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Dealing With Toxic People
“Do not be misled: “Bad company corrupts good character” (1 Corinthians 15:33 NIV).
Many years ago as a college student I took a biology class, and we spent some time learning about toxicology. I remember learning about the toxic threshold, which is the exposure level or dose of an agent above which toxicity or adverse health effects can occur.
I recently listened to a radio show about “toxic” people on a local Christian station. Clearly, exposure to these people is not lethal, but it is very problematic. All of us can be toxic to others at times, and Christians are not immune. Some Christians are particularly prone to being toxic due to arrogance or self-righteousness.
A toxic person is driven by pride and ego. They have a need for control, and their heart is often filled will hate, shame, or other negative emotions. They are not aware of their problem and will become defensive and accusatory if even gently confronted.
As Christians we are all called into ministry through our baptism and our profession of faith in Jesus Christ. In any ministry you will encounter toxic people. I think many of us struggle to deal with these people. As parents we want to model for our children how to live a life of ministry. We want to be helpful but some of these people consume so much of our time and it feels as if our time is wasted because they are not receptive, and there is no progress. I am blessed to minister to anybody in need, and I honestly don’t mind being placed in an uncomfortable position if I detect that I am being productive. In other words, I want to see that even a mustard seed of conviction is present. However, if there is no conviction then counseling will not yield good fruit, and I am not being a good steward of my time.
Time spent in ministry is holy and it is foolish to offer something valuable to someone who is unable to appreciate that value. The Bible speaks to this in Matthew 7:6, “Do not give what is holy to the dogs; nor cast your pearls before swine, lest they trample them under their feet, and turn and tear you in pieces.” Our job is to plant seeds, but it is wasteful to endlessly plant on rocky soil when there is so much fertile soil that needs to be sewn. Matthew 7:13-14 expand on the reality that not all will respond to the invitation; “Enter through the narrow gate. For wide is the gate and broad is the road that leads to destruction, and many enter through it. But small is the gate and narrow the road that leads to life, and only a few find it.”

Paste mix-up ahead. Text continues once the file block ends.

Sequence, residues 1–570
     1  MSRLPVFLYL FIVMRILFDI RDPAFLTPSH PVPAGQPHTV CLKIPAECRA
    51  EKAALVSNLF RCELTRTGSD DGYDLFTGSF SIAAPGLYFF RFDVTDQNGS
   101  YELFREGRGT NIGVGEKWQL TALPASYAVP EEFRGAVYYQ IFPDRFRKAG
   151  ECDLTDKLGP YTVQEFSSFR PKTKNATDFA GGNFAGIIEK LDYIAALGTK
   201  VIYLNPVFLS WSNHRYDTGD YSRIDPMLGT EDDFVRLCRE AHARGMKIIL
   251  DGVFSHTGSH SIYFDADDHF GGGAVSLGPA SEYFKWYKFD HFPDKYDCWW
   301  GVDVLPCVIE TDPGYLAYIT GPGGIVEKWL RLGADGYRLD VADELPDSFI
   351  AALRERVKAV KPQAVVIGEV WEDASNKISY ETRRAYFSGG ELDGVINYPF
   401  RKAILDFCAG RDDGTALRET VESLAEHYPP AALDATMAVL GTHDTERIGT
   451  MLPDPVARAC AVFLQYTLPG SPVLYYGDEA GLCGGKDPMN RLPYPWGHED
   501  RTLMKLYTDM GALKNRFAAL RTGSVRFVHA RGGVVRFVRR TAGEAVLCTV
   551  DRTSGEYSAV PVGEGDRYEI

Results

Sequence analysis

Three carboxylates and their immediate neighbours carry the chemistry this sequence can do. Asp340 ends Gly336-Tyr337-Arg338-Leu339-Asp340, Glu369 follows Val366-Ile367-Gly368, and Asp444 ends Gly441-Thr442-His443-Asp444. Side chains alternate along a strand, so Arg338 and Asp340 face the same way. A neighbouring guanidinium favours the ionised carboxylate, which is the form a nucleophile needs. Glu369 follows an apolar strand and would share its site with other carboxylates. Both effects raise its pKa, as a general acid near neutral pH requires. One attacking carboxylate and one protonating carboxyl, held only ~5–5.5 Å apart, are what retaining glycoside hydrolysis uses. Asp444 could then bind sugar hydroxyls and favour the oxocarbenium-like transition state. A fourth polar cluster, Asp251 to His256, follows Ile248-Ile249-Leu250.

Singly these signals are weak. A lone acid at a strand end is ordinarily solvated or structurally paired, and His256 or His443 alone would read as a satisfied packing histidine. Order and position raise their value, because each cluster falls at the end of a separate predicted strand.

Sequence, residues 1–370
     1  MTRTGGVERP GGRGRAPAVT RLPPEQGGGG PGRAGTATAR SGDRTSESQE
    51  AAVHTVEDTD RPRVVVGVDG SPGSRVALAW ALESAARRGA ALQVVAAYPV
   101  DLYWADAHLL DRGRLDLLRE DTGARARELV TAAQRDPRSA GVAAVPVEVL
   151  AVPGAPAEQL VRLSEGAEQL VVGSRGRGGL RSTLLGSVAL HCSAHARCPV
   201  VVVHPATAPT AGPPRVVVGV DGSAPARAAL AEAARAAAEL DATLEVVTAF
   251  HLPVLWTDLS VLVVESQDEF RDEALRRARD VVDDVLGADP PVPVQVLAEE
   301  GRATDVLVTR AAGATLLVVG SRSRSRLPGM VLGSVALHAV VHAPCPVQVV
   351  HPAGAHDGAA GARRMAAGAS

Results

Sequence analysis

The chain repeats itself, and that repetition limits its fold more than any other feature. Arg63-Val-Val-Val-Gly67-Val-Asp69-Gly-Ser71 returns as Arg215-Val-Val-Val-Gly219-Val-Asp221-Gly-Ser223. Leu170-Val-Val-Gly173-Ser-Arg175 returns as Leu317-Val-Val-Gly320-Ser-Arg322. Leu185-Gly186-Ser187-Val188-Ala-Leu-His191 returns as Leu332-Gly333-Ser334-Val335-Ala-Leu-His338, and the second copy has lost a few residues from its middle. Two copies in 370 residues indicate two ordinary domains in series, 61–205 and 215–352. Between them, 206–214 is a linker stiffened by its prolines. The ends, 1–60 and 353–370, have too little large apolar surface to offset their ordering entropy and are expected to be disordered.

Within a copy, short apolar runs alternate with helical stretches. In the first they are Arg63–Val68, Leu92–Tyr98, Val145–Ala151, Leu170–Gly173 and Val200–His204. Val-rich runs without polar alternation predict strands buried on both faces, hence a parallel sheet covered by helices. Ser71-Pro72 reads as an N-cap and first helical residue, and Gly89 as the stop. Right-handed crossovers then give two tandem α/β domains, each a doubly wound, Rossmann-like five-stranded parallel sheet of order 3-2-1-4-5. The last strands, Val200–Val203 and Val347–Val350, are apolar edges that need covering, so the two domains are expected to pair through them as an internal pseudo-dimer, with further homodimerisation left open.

Ministry must be done in tandem with the Holy Spirit. One of the guests on the radio show said, “without the Spirit we cannot receive God’s blessings.” This comment made my mind wander to “…apart from me you can do nothing” (John 15:5). It also made me ponder on the power of humility. If we keep ourselves humble, we reduce the chances of being toxic to others. We also must realize that we may not be able to significantly help every person that we encounter. Sometimes we have to stop and refer them to someone else and pray that our work with the Spirit did make a small positive impact, and the next person will be able to make more progress.
Prayer: Dear God: Please continue to be with us as we do ministry to glorify you. Give us a sense of discernment to know when our efforts our futile, and it is time to refer to another brother or sister in Christ. Amen.
Meet the Author
Todd Shupe is a Men’s Ministry Specialist through the General Commission of United Methodist Men and is in training to be a Certified Lay Minister through the Louisiana Conference of the United Methodist Church. He currently serves as the President of the Baton Rouge District of United Methodist Men and is a Board Member for Gulf South Men and serves on the Action Team for The Kingdom Group. He is a volunteer for the Walk to Emmaus, Grace Camp, and Iron Sharpens Iron. Todd resides in Baton Rouge, Louisiana.
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